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Schools closed for academic year

Prom, graduation plans still uncertain

With COVID-19 continuing to spread across the state, Pennsylvania Gov. Tom Wolf has ordered all schools in the commonwealth to remain closed for the rest of the academic year.

The extended shutdown order, issued by Wolf’s education secretary, affects more than 1.7 million students in public and private K-12 schools. It means children will spend the rest of the year learning remotely. It also wipes out school plays and concerts, sporting events, field trips, proms and everything else that typically happens during the spring.

“While this was a critical step for us to take to protect as many people as possible, it was not an easy decision to make,” Wolf said. “We all know that Pennsylvania’s schools are about more than academics.”

Local schools have been preparing for the possibility of not returning to the classroom this year by implementing remote learning, the reality of school buildings being shuttered presents uncertainty as to how to close out a school year that effectively ended last month.

The Altoona Area School District is sending out third marking period report cards next week and has decided to go to a pass/fail grade for the final marking period of the year.

Paula Foreman, district community relations director, said now that school is officially closed, district leaders will discuss how to handle end of year activities such as prom, graduation and yearbook distribution.

“There have not been any finalized plans, but there have been discussions on what the options are,” she said. “A lot of it will depend on how long the stay-in-place order is extended.”

Hollidaysburg Superintendent Robert Gildea sent a letter to parents saying he is “saddened by the news” that students won’t be returning to school this year.

“I speak on behalf of all district employees — teachers, counselors, food service workers, custodians, para-professionals, secretaries and administrators — when I say that we deeply miss your children and are looking forward to the day when we can all be together again.”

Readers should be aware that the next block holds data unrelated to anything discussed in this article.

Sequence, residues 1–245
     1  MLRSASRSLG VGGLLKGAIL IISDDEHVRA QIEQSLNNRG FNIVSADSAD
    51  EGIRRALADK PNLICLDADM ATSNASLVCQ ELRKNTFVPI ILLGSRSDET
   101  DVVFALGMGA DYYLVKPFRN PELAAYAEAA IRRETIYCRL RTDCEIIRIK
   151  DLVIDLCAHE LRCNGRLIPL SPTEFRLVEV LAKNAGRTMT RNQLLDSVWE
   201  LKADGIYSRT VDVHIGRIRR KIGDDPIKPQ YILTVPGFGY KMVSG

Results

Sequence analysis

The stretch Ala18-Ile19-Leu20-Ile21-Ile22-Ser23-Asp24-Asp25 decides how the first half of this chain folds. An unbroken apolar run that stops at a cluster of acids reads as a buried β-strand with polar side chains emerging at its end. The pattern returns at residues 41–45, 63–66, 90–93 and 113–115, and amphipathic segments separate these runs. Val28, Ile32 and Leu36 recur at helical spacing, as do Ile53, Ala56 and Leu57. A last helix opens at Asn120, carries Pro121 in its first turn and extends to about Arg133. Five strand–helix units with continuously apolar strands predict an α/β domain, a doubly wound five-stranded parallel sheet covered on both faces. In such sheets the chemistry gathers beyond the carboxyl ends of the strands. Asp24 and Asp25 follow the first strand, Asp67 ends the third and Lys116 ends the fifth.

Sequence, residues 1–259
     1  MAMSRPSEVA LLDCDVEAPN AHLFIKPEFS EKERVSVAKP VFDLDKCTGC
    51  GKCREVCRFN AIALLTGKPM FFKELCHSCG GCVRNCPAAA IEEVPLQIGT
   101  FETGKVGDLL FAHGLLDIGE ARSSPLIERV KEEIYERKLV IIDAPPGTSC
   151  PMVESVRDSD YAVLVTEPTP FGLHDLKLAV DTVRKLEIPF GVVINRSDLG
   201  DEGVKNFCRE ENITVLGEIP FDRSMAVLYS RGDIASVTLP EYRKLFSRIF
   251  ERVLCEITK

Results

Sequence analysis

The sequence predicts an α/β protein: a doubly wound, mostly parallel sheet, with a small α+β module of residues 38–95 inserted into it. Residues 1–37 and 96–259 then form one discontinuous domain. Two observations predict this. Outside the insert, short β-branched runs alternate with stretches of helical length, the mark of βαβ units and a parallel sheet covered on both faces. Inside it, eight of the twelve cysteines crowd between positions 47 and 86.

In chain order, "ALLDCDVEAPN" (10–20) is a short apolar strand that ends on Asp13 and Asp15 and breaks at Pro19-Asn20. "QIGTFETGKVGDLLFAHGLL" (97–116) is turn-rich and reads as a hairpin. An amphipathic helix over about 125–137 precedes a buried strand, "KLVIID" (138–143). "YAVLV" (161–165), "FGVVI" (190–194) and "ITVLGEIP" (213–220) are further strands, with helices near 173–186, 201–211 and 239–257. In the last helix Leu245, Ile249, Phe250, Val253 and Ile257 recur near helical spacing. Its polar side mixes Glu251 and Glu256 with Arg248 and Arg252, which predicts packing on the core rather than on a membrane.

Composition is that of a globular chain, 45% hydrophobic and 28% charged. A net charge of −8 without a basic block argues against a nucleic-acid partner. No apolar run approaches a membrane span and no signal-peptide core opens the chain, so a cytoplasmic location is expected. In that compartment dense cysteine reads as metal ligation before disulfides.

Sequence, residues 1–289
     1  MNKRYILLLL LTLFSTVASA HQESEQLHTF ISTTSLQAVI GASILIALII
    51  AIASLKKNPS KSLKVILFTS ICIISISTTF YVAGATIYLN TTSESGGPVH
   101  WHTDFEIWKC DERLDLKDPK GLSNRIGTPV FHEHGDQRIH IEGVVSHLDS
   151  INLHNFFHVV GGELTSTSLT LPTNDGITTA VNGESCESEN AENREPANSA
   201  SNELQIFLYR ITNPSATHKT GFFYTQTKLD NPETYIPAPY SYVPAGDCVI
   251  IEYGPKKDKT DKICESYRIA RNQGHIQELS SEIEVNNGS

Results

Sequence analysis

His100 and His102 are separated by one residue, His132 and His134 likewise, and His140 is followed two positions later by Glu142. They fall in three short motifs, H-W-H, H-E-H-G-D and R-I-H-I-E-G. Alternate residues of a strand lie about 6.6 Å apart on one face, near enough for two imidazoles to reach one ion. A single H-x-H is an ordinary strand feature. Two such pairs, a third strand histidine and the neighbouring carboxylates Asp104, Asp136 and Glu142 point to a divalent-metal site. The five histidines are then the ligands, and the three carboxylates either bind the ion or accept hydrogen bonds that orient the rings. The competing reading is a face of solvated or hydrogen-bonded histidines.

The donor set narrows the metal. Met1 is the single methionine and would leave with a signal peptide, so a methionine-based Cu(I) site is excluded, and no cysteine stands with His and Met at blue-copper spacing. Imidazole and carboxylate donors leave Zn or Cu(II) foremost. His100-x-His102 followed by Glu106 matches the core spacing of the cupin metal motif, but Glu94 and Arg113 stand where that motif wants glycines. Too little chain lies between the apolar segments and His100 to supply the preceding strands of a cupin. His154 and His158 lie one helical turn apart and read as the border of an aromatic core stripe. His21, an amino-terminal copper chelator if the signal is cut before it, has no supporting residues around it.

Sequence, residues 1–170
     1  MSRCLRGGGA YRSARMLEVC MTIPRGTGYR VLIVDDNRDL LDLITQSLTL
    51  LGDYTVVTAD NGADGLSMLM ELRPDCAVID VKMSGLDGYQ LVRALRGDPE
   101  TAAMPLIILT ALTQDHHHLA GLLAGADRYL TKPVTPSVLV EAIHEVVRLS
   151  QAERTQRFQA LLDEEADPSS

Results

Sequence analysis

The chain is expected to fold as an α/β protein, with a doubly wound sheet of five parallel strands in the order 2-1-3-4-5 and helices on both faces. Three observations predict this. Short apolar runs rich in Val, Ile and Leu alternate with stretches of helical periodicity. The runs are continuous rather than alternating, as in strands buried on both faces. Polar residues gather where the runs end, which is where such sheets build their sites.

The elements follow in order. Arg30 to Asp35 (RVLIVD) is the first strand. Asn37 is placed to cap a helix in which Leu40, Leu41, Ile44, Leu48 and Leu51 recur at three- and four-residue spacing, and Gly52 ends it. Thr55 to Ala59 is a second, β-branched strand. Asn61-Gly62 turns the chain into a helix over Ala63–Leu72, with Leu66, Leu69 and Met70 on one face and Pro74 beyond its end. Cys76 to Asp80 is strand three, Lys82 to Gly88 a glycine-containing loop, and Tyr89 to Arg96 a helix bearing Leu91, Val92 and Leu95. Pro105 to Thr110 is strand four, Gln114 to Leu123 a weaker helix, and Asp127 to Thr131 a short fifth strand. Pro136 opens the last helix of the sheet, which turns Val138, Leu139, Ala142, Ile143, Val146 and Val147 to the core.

Gildea said that there is still a significant amount of uncertainty about how long the social distancing directive will be in place and the effect it will have on school-related activities such as prom and graduation.

“We have begun working on a plan that will present options for various scenarios,” he said. “We want all of our students, not just the seniors, to return to normalcy and experience many of the end of year activities that make school memorable.”

Foreman said she understands parents want answers and the district wants to do what is best for the students.

“Our hearts go out to the kids who are seniors this year,” she said. “We all want to try to provide them with those things they would have normally had, but how do we do that?”

In a videotaped statement, Wolf lauded parents and caregivers who have “turned kitchens into classrooms,” schools that have continued providing free meals to needy kids and teachers who are adjusting on the fly to a virtual classroom environment.

Wolf first closed schools March 13, initially for two weeks, as the virus continued its march across Pennsylvania. He tacked on another week before closing schools indefinitely, part of a series of progressively tougher measures meant to contain the virus outbreak and prevent hospitals from becoming overwhelmed.

A state law passed last month mandates that schools provide an education during the pandemic, either by teaching new material or reviewing material that was already taught.

Education Secretary Pedro Rivera told The Associated Press that about half of the state’s 500 school districts have informed his department how they are continuing to educate children during the shutdown.

Individual school districts, meanwhile, will have to decide how they intend to handle commencement, Rivera said, noting some districts are making plans for virtual commencement exercises.

Whether school buildings will be able to reopen for summer programming beyond the end of the academic year also remains up in the air.

The Associated Press contributed to this story.

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